The BBFC currently cuts about 15% of all R18 porn films on their way to totally ordinary mainstream porn shops. These are not niche or speciality films, they are totally middle of the road porn, which represents the sort of content on all the world’s major porn sites. Most of the cuts are ludicrous but Murray Perkins, a senior examiner of the BBFC, points out that they are all considered either be to be harmful, or else are still prohibited by the police or the government for reasons that have long since past their sell by date.So about a sixth of all the world’s adult films are therefore considered prohibited by the British authorities, and so any website containing such films will have to be banned as there is to practical way to cut out the bits that wind up censors, police or government. And this mainstream but prohibited content appears on just about all the world’s major porn sites, free or paid.
The main prohibitions that will cause a website to be blocked (even before considering whether they will set up strict age verification) are such mainstream content as female ejaculation, urine play, gagging during blow jobs, rough sex, incest story lines (which is a major genre of porn at the moment), use of the word ‘teen’ and verbal references to under 18’s.
Murray Perkins has picked up the job of explaining this catch all ban. He explains it well, but he tries to throw readers off track by citing examples of prohibitions being justifiable because the apply to violent porn whilst not mentioning that they apply equally well to trivia such as female squirting.
Perkins writes in the Huffington Post:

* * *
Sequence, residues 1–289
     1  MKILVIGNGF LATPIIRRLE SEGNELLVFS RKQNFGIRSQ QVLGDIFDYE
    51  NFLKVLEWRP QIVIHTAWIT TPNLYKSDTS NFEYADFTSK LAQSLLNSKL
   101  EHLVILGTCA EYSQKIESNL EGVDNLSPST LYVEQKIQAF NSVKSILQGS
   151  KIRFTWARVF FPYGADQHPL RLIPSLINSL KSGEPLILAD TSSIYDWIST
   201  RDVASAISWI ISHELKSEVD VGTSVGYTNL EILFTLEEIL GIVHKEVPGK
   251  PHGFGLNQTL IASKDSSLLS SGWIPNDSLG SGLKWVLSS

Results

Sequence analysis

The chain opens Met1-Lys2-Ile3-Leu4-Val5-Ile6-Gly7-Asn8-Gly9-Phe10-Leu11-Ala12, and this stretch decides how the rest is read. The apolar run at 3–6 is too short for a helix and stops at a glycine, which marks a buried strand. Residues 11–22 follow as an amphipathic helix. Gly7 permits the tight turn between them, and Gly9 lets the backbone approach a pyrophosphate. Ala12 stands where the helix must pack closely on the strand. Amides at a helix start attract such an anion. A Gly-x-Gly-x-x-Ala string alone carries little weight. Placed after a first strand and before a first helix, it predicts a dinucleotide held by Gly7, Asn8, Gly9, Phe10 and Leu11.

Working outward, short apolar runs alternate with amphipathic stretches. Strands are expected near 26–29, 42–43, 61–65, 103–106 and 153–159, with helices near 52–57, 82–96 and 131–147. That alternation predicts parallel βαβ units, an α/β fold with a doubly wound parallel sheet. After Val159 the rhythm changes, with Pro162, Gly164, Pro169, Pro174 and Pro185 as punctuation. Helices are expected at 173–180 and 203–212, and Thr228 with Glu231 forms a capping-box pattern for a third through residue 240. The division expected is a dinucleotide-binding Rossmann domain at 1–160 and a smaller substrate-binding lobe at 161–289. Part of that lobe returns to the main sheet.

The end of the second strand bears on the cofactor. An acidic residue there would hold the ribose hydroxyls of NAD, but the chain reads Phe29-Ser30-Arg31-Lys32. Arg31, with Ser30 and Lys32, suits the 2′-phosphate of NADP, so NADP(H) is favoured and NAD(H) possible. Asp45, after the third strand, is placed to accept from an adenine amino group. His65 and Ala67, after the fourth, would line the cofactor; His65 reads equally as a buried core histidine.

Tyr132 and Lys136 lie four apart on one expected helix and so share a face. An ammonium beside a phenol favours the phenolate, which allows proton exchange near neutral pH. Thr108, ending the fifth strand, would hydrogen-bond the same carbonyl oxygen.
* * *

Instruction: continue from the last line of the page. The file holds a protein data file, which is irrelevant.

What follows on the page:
Recent media reports highlighting what content will be defined as prohibited material under the terms of the Digital Economy Bill could have given an inaccurate impression of the serious nature of the harmful material that the BBFC generally refuses to classify. The BBFC works only to the BBFC Classification Guidelines and UK law, with guidance from the Crown Prosecution Service (CPS) and enforcement bodies, and not to any other lists.
The Digital Economy Bill aims to reduce the risk of children and young people accessing, or stumbling across, pornographic content online. It proposes that the BBFC check whether
(i) robust age verification is in place on websites containing pornographic content and
(ii) whether the website or app contains pornographic content that is prohibited.
An amendment to the Digital Economy Bill, passed in the House of Commons, would also permit the BBFC to ask Internet Service Providers (ISPs) to block pornographic websites that refuse to offer effective age verification or contain prohibited material such as sexually violent pornography.
In making any assessment of content, the BBFC will apply the standards used to classify pornography that is distributed offline. Under the Video Recordings Act 1984 the BBFC is obliged to consider harm when classifying any content including 18 and R18 rated sex works. Examples of material that the BBFC refuses to classify include pornographic works that: depict and encourage rape, including gang rape; depict non-consensual violent abuse against women; promote an interest in incestuous behaviour; and promote an interest in sex with children. [Perkins misleadingly neglects to include, squirting, gagging, and urine play in his examples here]. The Digital Economy Bill defines this type of unclassifiable material as prohibited .-
Under its letters of designation the BBFC may not classify anything that may breach criminal law, including the Obscene Publications Act (OPA) as currently interpreted by the Crown Prosecution Service (CPS). The CPS provides guidance on acts which are most commonly prosecuted under the OPA. The BBFC is required to follow this guidance when classifying content offline and will be required to do the same under the Digital Economy Bill. In 2015, 12% of all cuts made to pornographic works classified by the BBFC were compulsory cuts under the OPA. The majority of these cuts were to scenes involving urolagnia which is in breach of CPS guidance and could be subject to prosecution.